Eventually, somewhere around year four, we tired of talking only about Bette Midler. When every era of her life had been well-traversed in Friday night private chat room sessions and we found ourselves turning to talking about ourselves. My Midler friends, in emails, started opening up about their own problems, which were weighty to a 14-year old. This was before one could just Google their way out of ignorance’s cave — if I wanted to write a sympathetic email to an acquaintance with a problem and thirty years on me, I had to get my information from the only Google I had: my parents.
“Mom, what happens if you miss your fifth car payment?” I’d ask casually, as an all-organic dinner was being prepared.
“You know, if your,” (I was now struggling to look at the notes on my hand), “If your Western Union didn’t come and you miss your fifth car payment. That.”
I can’t even explain how badly a question like this went over in the Kimball house. Kimball rules dictated that you bought an 8 to 10-year-old Volvo at exactly its Blue Book value and then you drove it until it had a bird’s nest in the engine. There was no car payment of any sort to be discussed. That was not how my parents operated.
“Why are you asking me that?”
“I’m doing research for a paper on car payments,” I’d try. “For economics.”
“You don’t take economics.”
“It’s the economics section of my drama class.”
I don’t know what I was actually like to talk to as a twelve year old, but I know that I thought I was doing a pretty good job of earning and keeping the trust of my grownup online friends. I didn’t outwardly lie to them about my own situation, I just didn’t mention any of the things in my life that weren’t things we had in common, like overbearing scientist parents, or piano lessons, or anything except for Bette Midler. I was endlessly interested and sympathetic; I was always available. These were the first friends I had who didn’t have yellow, detachable heads. This was what being online on a message board was before the year 2000: it was a place for people who needed to create their own private universes but didn’t have the intellectual fortitude to learn how to play Dungeons and Dragons. Living in the online world meant that I had nothing to do with the real one. I didn’t care about school dances or couples. When I was at school I spent my time wondering whether my inbox would be sad, blue and silent, or bright, yellow and affirming, with a clearly enunciated “You’ve got mail!” by a non-threatening man.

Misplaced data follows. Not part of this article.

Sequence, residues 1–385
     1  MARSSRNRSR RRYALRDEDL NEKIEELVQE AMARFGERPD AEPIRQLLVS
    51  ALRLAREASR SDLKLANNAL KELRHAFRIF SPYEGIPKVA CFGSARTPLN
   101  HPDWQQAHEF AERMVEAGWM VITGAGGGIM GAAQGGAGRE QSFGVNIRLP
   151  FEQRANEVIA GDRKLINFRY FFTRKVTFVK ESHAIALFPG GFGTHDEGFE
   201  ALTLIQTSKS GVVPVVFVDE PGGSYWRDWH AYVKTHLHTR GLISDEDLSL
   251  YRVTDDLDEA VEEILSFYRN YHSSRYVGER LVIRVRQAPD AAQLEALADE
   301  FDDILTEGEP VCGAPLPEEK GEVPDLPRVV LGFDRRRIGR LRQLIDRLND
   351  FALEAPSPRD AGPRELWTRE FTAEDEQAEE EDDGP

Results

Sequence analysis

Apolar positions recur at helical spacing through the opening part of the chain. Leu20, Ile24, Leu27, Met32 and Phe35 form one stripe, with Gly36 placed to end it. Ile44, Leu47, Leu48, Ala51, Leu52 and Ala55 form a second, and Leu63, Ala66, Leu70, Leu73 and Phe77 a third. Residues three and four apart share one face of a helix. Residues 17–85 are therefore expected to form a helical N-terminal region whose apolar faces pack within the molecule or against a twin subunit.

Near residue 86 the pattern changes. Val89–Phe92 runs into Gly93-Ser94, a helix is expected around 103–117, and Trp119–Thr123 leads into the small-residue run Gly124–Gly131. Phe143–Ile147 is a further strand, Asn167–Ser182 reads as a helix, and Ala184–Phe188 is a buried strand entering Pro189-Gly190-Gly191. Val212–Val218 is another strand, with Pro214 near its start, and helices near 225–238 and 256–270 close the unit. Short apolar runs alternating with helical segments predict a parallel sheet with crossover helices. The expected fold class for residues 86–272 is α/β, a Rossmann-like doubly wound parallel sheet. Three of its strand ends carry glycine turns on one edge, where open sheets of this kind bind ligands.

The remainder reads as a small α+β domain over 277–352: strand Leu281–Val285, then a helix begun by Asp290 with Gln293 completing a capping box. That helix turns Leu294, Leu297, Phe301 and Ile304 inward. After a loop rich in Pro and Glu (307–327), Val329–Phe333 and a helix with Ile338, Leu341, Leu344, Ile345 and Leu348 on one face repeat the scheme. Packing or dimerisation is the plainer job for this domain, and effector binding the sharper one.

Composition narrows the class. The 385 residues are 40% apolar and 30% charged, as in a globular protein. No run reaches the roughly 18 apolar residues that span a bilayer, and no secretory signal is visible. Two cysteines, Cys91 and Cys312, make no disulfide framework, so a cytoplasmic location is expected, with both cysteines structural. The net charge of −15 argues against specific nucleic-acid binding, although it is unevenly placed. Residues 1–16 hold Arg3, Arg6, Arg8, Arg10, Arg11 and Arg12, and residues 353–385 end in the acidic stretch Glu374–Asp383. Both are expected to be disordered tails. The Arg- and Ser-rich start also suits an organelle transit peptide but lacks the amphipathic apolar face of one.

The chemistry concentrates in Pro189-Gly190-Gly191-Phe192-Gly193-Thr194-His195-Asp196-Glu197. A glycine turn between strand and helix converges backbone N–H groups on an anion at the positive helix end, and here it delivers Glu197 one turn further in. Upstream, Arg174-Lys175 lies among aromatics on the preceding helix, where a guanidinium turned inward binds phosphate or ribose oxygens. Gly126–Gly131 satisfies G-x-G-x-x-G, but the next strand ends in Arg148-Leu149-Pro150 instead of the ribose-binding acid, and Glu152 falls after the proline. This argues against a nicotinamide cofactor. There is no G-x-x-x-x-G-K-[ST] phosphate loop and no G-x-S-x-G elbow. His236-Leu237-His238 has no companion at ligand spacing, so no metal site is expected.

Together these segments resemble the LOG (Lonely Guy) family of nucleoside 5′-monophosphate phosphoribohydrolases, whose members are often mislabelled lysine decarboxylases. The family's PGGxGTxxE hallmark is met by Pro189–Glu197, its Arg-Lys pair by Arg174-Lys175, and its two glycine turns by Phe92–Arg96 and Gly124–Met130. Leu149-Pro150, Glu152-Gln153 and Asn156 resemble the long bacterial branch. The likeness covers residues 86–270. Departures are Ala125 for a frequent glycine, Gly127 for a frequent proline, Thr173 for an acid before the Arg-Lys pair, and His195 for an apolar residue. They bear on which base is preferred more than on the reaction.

Eventually, at eighteen, I decided to do the reasonable thing: I saved up all of my money, bought a plane ticket, and headed out to Oklahoma to meet up with some of my absolutely favorite Internet friend, BathhouseBette4928. I carefully planned my outfit (Abercrombie + Fitch tee shirt reading ‘I Could Be Your Worst Mistake’, cropped enough to reveal my soft belly; Abercrombie bellbottoms; gigantic, wooden-looking sandals) and took off, on my first flight alone. I remember the distinct sensation that someone should be stopping me. I remember feeling really cool. I remember finding my way to the mall where we were going to hang out, go shopping, eat lunch, and talk about Bette, and then I remember being stood up. After that I became much more cautious. I started asking people what their name was, first and last, in the real world.
When I was a senior in high school something truly unexpected happened: one day I met an actual, normal person on the Bette Midler message boards, someone who wasn’t trying to mask his identity in a cloak of question marks, who wasn’t hiding an epic weight problem or a noted status as a tax evader. He was a Bette fan because he’d collaborated with Bette for years. He’d stumbled upon our world of broken toys and managed to find it sweet, if a little overzealous. He told me that cool people liked Bette Midler. He also told me that there was a place just like the Internet out there in the real world, where people could be interested in very specific things and even thrive because of said interests, and that this place was called New York. I was accepted to NYU later that year. I deleted my email account. I made friends with everyone on my dorm room floor and then fought with everyone on my dorm room floor and then made friends with them again, as one does at eighteen years old.
After college, ironically, I ended up working for a pair of married celebrities, absurdly nice people who taught me how to bowl a strike and cook pasta. One night they even invited me to tag along with them at a Golden Globes viewing party. At the time, the wife in my celebrity couple was arguably one of the most famous women on earth, though she’d have rather eaten nails than think or talk of herself in such a way. This Golden Globes party’s attendees were all comedy legends from various decades: everyone in the room, aside from myself, would have qualified as a Very Famous person, and there was nothing passive about their presence in a room. You invite these people to a party and you get a performance.
“Oh, man, I hope I can keep up with this group,” my boss whispered. She was huddled next to me on the couch. I was on her left, we were sharing a large plate of food. She gestured to her right. “I’m seated next to Bette Midler!”
For that evening, we became friends in the most wonderful, ethereal, New York City sense of the word. I laughed at her jokes, and, when I dared to make a joke of my own she laughed generously back. At the end of the night she and I said goodbye to each other in the polite tone where we might see each other again but probably wouldn’t. Still, who knows, I thought, it’s New York — maybe, someday, we would.
Jess Kimball Leslie is a trend spotter in New York. She is working on a collection of essays about the Internet called “Great Textpectations.” You can read her rants about media and technology here.